Trying to make it happen

Staples rebrands as it speeds up its BOSS strategy

Staples announced details of its brand relaunch at the beginning of January, as it focuses on its expansion beyond office supplies or what it calls ‘BOSS’.

The company’s new tagline is ‘Make More Happen’, marking the end of the iconic ‘that was easy’ slogan introduced more than ten years ago. 

Staples hasn’t dropped the ‘easy’ idea altogether – the word still appears in its PR and marketing messages and the Easy Button will continue to be sold to raise money for the Boys and Girls Club of America organisation.

Reinvention 

“Make More Happen highlights how Staples is reinventing itself to provide every product businesses need to succeed,” said Shira Goodman, EVP of Global Growth. “We’re adding thousands of new products every day. Our expanded product assortment appeals to businesses across a wide range of industries, from medical and restaurants to professional services and retail.”

A major brand advertising campaign began in the US on 6 January, with the first of four TV spots that highlight Staples’ BOSS strategy. The first spot – which was titled Big Idea – was set in a futuristic factory and showed workers using products purchased from Staples, including the latest technology, safety equipment, factory signs and coffee. That theme is being supported by a ‘Make Your Idea Happen’ contest for small businesses that features a grand prize worth $25,000.

What the L?

To reinforce the BOSS notion, Staples has tweaked its logo by replacing the letter L – which has traditionally been represented by a bent staple – with various non-traditional products such as a mop, grease gun and even dog biscuits.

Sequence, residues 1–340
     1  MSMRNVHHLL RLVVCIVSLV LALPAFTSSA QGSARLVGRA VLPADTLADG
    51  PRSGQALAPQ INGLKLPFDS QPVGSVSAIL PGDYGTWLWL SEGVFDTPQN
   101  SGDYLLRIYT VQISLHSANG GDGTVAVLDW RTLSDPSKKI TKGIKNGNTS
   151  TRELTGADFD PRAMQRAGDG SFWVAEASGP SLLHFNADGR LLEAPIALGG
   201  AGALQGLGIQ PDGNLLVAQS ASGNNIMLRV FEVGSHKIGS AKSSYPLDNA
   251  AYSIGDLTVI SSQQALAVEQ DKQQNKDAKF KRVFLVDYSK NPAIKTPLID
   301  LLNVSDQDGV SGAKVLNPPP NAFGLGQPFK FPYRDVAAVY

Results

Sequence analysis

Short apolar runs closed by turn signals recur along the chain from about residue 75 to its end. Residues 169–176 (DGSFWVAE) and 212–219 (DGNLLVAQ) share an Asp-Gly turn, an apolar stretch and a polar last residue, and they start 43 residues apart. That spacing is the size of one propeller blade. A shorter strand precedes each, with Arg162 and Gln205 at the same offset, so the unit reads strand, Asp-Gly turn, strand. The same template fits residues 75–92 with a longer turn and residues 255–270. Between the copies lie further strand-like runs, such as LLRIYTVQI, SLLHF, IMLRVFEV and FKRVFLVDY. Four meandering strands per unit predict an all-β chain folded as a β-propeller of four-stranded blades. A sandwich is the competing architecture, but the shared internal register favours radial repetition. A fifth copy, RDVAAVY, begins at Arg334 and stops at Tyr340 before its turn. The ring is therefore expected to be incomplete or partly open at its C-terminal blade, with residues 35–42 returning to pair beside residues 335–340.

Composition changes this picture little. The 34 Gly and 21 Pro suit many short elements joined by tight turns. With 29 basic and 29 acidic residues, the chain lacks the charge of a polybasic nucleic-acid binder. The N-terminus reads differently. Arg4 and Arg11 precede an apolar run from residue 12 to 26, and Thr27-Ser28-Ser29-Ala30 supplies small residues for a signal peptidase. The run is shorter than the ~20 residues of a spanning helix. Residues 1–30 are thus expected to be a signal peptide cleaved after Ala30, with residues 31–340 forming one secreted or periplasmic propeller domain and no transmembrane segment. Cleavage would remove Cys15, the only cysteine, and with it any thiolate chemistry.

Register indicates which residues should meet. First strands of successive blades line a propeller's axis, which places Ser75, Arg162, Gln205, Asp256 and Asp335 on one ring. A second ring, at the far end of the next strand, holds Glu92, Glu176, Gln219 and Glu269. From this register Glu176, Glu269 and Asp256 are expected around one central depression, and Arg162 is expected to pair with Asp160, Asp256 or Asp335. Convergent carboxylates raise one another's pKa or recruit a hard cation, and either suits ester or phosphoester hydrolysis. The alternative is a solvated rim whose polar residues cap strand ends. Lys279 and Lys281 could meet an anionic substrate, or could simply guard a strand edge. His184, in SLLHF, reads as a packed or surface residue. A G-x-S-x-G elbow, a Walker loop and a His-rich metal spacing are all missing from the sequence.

The Staples.com website and Staples’ social media channels are featuring a ‘What the L is going on at Staples’ campaign, with a Twitter hashtag #WhatTheL and a new TV spot filmed at The Staples Center in Los Angeles that depicts people looking at the L-less Staples logo and saying “What the L?” The TV ad has had a mixed reaction on social media channels so far, with some comparing it to Kmart’s ‘Ship My Pants’ and ‘Big Gas’ ads that went viral on YouTube last year and others claiming that it is “offensive”.

Staples’ focus on ‘more’ is understandable, but the brand is pretty much synonymous with office supplies in the US, and it will no doubt take time to shake that off in the minds of consumers. However, rival Amazon began life as an online bookseller, and look where that is now. 

 

 

Staples caught up in Obamacare petition

A Staples employee has successfully been using the #WhatTheL Twitter hashtag to raise awareness of her campaign to change Staples’ policy on the working hours of part-time staff. A Change.org petition started by an anonymous Staples employee calling 
 herself Sue Whistleblower had garnered more than 200,000 signatures at the time of writing. 

The petition claims that Staples has reduced the number of hours per week that part-time staff can work to 25, in order to avoid paying for healthcare as per the Affordable Care Act (aka Obamacare) which will come into effect next year.

In a statement to OPI, Staples Senior Public Relations Manager Mark Cautela said: “There is a lot of misinformation on the internet and we would like to set the record straight. Staples’ policy regarding part-time associates’ weekly hours pre-dates the Affordable Care Act by many years. 

“In fact, this policy has been in place for more than a decade. We recently reiterated that policy to our associates as part of our efforts to improve the efficiency and competitiveness of our stores.”